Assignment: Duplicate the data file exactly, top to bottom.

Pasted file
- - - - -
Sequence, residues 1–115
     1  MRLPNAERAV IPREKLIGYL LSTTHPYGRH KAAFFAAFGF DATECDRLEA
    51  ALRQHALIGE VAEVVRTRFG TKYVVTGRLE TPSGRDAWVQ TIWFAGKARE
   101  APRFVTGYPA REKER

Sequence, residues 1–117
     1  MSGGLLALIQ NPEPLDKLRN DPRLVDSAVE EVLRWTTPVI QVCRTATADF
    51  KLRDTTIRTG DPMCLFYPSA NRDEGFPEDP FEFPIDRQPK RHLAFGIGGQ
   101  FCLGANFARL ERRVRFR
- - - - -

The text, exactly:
Sequence, residues 1–115
     1  MRLPNAERAV IPREKLIGYL LSTTHPYGRH KAAFFAAFGF DATECDRLEA
    51  ALRQHALIGE VAEVVRTRFG TKYVVTGRLE TPSGRDAWVQ TIWFAGKARE
   101  APRFVTGYPA REKER

Sequence, residues 1–117
     1  MSGGLLALIQ NPEPLDKLRN DPRLVDSAVE EVLRWTTPVI QVCRTATADF
    51  KLRDTTIRTG DPMCLFYPSA NRDEGFPEDP FEFPIDRQPK RHLAFGIGGQ
   101  FCLGANFARL ERRVRFR